For this week’s guest blog post we are delighted to publish Bishop Laurie Green’s contribution sharing his memories and reflections of the earliest days of UTU.
THE BEGINNINGS OF UTU
I was studying in the States in 1968 at New York Theological Seminary. It had recently been taken over by a very exciting group of radical theologians from Union Theological Seminary under the guiding hand of a charismatic urban theologian and practitioner, George “Bill” Webber. Bill keenly encouraged me to make contact on my return to the UK with a New Testament scholar who had been resident at the seminary the year before me – one John Vincent. On my return home I met John and there was an immediate connection – he was talking a language which brought the critical European analysis of biblical scholarship together with radical urban Kingdom action at pavement level. Like Bill Webber, John had a massive intellect, years of hands-on urban experience and a charisma that was going to get things done! As the man who introduced ‘Urban Theology’ to the British scene, he was to prove my mentor and friend for more than fifty years!
I next remember sitting in a Chinese restaurant in London while John explained to about a dozen invitees that he was in process of setting up a brave new project. It’s hard to imagine today just what an uphill struggle it was, given the staid and conservative thinking of the time. Theology was seen as a corpus of understanding to be imparted to laity through the good offices of the clergy; the urban was seen as somewhat alien to the rural Jesus; and the Bible was interpreted as largely a non-political text. John’s new project, UTU, offered something entirely different – challenging the church to think again at so many levels.
The nexus of projects and programmes which formed in the streets around the UTU study house in Sheffield welcomed and affirmed leadership from the communities and congregations of the area. Committed individuals and families made their homes in local streets, communities formed in the Ashram houses, and student seminars were buzzing with ideas and commitment. Participants were encouraged to write up their history and experience, to reflect theological on all that and as a consequence to set up acted parables – often small but highly symbolic, even sacramental, signs of the breaking in of the Kingdom. John was constantly on the road visiting the many satellite urban theology communities that were being spawned across the country, where local leaders, inspired by John’s work back in Sheffield, would take their communities through the UTU programmes of study and action development. John asked a few of us to gad around the country too in the same way, supporting the local UTU groupings that were springing up like wild-fire. It was brilliant!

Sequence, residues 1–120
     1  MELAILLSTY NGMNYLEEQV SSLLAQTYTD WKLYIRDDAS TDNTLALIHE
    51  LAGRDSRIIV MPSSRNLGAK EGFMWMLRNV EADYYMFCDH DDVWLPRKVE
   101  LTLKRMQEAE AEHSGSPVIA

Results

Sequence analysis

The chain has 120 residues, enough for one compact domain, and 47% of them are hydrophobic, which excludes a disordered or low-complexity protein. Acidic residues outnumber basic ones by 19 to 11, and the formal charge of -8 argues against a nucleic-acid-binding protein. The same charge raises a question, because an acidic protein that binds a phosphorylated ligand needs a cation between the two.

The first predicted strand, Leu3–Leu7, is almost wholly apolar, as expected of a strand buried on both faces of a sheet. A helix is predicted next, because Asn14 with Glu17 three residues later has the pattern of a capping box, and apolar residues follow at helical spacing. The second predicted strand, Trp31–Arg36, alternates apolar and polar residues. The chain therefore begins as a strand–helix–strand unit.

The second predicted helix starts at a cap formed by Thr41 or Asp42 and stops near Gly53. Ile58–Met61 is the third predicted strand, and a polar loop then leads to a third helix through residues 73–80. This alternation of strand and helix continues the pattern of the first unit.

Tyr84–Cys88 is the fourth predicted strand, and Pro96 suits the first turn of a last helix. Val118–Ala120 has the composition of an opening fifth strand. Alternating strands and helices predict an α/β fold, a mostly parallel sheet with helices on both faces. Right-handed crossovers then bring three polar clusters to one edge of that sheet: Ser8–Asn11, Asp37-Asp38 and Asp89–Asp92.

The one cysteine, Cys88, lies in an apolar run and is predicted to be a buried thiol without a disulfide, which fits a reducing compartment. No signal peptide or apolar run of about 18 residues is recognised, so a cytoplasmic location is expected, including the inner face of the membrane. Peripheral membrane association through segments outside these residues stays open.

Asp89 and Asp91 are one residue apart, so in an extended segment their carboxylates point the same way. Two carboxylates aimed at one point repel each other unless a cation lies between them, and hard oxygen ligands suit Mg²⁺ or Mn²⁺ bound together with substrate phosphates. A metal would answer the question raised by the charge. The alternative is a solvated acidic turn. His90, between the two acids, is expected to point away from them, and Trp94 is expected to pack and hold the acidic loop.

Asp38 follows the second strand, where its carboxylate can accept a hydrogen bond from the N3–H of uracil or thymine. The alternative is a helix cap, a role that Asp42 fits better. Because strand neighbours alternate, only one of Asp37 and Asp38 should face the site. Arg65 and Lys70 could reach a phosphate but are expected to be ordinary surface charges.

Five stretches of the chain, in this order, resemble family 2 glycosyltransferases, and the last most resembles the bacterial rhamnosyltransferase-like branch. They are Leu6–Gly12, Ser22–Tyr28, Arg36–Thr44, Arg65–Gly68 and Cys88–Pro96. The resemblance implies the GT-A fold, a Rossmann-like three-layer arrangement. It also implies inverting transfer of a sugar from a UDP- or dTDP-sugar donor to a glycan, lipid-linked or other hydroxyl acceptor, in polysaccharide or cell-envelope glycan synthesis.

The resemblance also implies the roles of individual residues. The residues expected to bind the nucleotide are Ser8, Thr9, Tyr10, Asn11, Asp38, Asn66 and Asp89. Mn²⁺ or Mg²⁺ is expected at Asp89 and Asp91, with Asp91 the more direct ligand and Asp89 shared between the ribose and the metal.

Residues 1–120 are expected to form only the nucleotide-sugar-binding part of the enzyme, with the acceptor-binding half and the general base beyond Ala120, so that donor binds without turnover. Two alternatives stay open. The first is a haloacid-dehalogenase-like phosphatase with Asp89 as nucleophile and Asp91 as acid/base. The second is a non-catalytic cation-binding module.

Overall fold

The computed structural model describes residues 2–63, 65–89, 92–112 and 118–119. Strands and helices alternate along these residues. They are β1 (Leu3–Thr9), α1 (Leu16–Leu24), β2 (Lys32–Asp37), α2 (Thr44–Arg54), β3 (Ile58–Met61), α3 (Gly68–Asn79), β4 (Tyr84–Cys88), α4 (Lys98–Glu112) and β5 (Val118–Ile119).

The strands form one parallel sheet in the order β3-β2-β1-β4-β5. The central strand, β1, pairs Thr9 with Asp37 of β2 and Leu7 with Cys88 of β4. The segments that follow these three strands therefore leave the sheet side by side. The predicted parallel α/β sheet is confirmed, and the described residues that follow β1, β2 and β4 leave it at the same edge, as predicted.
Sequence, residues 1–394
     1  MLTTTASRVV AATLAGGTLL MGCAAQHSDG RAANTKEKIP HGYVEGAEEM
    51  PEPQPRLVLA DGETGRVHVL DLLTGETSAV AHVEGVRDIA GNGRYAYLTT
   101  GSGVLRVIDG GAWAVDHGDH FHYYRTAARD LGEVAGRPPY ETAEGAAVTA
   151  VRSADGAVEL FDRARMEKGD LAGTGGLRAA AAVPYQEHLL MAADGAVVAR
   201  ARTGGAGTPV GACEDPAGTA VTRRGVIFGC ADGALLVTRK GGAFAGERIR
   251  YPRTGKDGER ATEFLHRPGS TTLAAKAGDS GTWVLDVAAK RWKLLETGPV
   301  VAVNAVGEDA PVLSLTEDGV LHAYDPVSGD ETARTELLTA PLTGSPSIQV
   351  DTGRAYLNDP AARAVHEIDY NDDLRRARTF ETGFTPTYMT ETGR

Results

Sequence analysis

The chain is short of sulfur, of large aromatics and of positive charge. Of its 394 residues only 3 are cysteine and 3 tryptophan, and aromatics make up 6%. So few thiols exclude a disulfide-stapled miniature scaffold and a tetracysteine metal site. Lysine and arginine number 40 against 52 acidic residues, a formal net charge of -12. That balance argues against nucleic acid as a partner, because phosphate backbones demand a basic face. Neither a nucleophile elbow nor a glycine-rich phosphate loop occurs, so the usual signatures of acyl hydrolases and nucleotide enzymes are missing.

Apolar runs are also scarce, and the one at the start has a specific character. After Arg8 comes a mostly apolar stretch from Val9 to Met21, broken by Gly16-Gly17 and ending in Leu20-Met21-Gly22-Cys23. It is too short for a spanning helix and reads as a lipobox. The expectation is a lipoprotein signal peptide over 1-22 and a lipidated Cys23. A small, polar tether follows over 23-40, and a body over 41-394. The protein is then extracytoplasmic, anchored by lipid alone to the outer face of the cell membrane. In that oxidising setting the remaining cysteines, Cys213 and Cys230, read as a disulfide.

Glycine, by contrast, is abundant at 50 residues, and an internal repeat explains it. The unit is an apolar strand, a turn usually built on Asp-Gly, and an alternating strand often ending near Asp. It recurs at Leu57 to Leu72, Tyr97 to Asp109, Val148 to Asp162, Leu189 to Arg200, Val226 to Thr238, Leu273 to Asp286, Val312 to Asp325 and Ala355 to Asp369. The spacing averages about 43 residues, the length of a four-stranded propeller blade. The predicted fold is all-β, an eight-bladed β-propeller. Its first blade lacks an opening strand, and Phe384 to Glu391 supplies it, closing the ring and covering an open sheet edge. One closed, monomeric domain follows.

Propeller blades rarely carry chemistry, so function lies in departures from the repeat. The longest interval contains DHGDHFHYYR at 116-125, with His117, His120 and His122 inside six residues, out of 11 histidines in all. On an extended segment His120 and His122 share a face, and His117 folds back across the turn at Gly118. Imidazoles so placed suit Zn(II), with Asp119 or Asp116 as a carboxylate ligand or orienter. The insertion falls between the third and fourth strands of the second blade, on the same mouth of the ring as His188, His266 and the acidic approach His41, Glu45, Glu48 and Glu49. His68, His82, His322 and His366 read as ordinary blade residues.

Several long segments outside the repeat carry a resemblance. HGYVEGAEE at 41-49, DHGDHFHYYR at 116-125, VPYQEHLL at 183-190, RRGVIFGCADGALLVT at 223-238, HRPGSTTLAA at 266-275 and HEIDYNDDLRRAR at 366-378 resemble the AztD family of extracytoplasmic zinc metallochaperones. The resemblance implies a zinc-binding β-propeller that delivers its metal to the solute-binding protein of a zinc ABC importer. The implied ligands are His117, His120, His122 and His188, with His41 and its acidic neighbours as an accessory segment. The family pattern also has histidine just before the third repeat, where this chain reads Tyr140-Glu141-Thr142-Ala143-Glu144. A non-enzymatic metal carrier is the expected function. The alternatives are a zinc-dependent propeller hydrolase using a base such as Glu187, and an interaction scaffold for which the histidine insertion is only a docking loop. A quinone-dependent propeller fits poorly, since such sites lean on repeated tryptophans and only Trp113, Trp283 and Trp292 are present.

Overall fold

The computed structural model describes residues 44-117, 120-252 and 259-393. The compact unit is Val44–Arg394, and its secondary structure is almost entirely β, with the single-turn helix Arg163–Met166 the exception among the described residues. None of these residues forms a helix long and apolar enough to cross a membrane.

And underpinning all this, sometimes frenetic, activity was the deepest conviction of all. As John Vincent wrote in our first edition of New City – knocked out on very smudgy Roneod paper, “In particular, we are an Urban Theology Unit. I see no great gain in merely lining up ordinands behind current sociological dogma or current social work preoccupations. Our job is to do a much more prophetic task – that of guessing at the shape of the city of God and man (sic.) tomorrow, and setting up a few “acted parables” for it, which will speak to the politicians, to the churches, and to ourselves…. to help us create sensitive new forms of the church, and new ways of doing theology, for now and the future.” Interdisciplinary programmes of real quality were developed and inspiring methodologies invented. Key staff held things together at the centre in Sheffield allowing John to be the Apostle of Urban Theology to the wider nation.
As I look back to those heady days when UTU was fast developing it’s hard to remember just what an uphill struggle it was, because although we still have a long way to travel, many of those early prophetic insights have now found their way into the minds and hearts of thinking Christians. There are many today who have come to understand theology as a dynamic interweaving of action and reflection, realised that the urban poor must teach the church what the gospel means, that the Kingdom is a radical adventure for the world at large and not the preserve of the church for a distant future, and that theology is a highly multi-disciplined endeavour. All these insights and so many more have energised UTU since its inception and through its influence many have been changed. We are however now witnessing the vigorous death throes of an old ecclesiology so there is still much for UTU to do as we continue to fight for the radical Jesus alternatives – so new UTU programmes for theological action/reflection need to be developed. Kingdom living has never been dull and it’s now asking us: How will this prophetic movement flourish into the future?
Laurie Green. January 2019